Henrietta Keefner and the Diphtheria epidemic
Daily State Register [Springfield]
9 Dec. 1902, p.5. GenealogyBank.com.
NewsBank And/or the American Antiquarian Society,
2004. Web. 9 Feb. 2016.
Diphtheria, on the other hand, was a very real threat to families and communities at the turn of the 20th century and for centuries before that. A diphtheria epidemic in the Springfield, Illinois area took the life of my great grandmother's niece. Newspaper, census, and interment records help tell the story.
Just days after Henrietta died, her older sister Elizabeth also contracted the disease. Because of the risk to others, such details were published in the local newspaper. Local board of health laws required that "all houses where either disease [scarlet fever or diphtheria] exists must be placarded for six weeks from the time the disease is determined."1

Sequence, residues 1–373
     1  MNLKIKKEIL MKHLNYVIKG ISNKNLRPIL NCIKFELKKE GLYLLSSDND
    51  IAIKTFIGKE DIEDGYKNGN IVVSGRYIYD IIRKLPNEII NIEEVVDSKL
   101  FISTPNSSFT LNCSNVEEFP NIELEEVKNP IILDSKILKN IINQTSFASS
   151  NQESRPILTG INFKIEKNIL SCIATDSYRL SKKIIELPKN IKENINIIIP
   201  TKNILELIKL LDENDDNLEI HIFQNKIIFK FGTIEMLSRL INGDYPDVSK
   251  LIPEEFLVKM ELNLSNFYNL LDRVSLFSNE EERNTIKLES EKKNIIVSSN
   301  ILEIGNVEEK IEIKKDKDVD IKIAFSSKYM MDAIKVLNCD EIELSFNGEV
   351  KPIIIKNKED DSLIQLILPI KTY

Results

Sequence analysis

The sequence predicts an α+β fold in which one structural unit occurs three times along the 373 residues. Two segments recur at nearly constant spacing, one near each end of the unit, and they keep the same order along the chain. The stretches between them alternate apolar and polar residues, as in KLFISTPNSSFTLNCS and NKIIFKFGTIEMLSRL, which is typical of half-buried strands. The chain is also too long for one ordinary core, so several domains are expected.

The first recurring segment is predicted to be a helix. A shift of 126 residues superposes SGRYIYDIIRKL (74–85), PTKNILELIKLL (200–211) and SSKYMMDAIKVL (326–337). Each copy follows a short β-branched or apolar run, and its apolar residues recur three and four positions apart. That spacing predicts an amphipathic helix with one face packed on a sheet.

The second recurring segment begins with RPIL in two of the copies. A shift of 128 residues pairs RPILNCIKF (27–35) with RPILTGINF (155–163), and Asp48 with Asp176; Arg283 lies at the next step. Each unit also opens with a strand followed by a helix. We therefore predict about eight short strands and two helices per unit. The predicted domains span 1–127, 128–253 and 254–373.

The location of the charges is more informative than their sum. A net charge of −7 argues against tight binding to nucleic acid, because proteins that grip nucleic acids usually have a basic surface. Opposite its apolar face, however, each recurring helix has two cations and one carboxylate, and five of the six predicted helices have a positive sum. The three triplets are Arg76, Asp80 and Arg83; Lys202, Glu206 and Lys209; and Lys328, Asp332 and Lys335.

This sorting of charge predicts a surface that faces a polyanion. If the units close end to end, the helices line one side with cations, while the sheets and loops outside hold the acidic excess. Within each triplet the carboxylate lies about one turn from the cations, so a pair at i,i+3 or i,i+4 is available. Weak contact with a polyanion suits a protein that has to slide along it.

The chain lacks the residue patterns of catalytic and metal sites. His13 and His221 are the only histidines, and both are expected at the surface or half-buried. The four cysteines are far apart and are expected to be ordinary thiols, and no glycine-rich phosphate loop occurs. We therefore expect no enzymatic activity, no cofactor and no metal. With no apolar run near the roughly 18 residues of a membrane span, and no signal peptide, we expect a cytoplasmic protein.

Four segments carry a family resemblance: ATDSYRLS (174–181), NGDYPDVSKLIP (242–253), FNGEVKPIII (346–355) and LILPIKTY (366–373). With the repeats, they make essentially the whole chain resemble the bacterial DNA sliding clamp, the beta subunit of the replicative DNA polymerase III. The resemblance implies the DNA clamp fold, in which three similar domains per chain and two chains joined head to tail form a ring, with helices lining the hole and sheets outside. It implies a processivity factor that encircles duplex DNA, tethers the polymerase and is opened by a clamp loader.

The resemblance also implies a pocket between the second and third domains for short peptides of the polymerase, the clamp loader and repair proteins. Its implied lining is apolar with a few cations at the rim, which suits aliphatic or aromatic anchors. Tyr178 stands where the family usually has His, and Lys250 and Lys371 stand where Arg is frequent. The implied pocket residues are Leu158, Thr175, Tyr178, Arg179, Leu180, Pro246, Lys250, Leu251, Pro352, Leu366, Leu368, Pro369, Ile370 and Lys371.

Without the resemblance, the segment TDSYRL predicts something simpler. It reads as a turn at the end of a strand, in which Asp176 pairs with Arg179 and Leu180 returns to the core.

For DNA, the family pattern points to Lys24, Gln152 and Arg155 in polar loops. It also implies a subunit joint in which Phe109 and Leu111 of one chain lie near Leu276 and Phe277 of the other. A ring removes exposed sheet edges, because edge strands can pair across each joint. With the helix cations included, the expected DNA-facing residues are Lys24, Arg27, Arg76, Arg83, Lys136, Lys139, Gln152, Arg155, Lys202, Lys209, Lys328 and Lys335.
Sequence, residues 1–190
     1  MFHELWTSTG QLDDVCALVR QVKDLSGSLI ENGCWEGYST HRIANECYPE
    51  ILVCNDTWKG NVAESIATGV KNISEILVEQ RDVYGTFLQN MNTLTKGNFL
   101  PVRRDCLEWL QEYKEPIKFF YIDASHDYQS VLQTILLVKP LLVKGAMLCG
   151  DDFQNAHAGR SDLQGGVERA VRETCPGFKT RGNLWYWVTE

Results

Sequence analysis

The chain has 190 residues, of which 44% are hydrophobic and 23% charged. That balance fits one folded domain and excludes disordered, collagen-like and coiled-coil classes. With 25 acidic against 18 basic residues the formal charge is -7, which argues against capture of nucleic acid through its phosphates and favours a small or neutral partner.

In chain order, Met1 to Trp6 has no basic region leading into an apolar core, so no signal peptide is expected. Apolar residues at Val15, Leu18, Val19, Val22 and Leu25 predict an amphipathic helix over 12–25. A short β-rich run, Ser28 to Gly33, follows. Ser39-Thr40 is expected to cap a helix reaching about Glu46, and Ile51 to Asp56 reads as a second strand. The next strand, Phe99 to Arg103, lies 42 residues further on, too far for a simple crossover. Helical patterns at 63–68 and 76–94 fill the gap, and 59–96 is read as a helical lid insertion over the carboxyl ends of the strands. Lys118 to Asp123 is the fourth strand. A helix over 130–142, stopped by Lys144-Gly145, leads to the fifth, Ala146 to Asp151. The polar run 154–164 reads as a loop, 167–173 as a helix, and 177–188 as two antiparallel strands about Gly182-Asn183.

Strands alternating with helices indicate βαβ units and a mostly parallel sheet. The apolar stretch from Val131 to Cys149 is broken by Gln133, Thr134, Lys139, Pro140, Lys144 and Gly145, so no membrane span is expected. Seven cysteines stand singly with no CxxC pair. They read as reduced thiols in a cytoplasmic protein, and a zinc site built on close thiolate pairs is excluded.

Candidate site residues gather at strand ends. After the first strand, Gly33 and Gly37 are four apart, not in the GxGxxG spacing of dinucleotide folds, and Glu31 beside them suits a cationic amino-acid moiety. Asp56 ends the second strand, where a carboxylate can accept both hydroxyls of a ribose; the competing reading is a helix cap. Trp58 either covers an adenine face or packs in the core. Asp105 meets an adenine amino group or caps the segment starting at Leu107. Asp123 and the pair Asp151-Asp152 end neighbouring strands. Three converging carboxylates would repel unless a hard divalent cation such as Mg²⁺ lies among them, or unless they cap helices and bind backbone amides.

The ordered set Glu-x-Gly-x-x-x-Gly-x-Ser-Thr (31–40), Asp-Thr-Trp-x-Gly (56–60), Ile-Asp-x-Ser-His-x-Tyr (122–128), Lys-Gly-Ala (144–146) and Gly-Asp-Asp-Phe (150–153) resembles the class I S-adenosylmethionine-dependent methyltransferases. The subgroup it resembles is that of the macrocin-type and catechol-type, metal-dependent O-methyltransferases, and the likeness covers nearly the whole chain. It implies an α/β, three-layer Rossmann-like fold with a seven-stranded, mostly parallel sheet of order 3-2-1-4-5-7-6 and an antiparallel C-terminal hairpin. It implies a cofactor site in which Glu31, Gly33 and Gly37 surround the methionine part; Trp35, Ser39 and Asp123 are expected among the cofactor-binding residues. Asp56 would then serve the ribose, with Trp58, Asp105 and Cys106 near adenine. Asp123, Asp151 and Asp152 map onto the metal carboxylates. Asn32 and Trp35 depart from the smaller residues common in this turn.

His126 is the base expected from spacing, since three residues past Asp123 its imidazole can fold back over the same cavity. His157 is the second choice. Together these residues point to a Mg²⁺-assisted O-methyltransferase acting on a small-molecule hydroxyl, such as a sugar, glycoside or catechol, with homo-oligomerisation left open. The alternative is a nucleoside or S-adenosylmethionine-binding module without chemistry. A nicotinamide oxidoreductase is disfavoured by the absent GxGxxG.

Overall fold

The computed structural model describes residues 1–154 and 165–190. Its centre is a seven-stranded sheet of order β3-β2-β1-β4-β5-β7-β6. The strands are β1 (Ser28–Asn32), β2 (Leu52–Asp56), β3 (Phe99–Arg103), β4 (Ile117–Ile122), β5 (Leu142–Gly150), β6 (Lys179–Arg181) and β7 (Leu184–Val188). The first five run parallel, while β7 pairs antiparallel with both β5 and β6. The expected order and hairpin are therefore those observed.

|Henrietta and her sister Elizabeth with parents|
John and Barbara (Wunderlich) Keefner
in the 1900 census.
Henrietta Keefner was the second child of John W. and Barbara Wunderlich Keefner. Her mother was my great-grandmother Anna Margaret Wunderlich Ralph's sister. Both Barbara and Anna lived in Springfield. Both suffered the loss of a child to an illness that is now nearly eradicated in the US: Anna's first child died of whooping cough two years after Henrietta's death from diphtheria.
Elizabeth survived, grew up and married, raised a family, and passed away at the age of 80.
|Oak Ridge Cemetery Interment Records. Digital image. |
Illinois Digital Archives. Illinois State Library and the Office
of the Illinois Secretary of State, n.d. Web. 9 Feb. 2016.
Oak Ridge Cemetery interment records confirm details of Henrietta's death, and that she is also buried at Oak Ridge.
1 "City Board of Health Adopts a Set of Resolutions - Diphtheria and Scarlet Fever Are Still Spreading." Daily Illinois State Journal [Springfield] 27 Oct. 1900: 2. GenealogyBank.com. NewsBank And/or the American Antiquarian Society. Web. 9 Feb. 2016.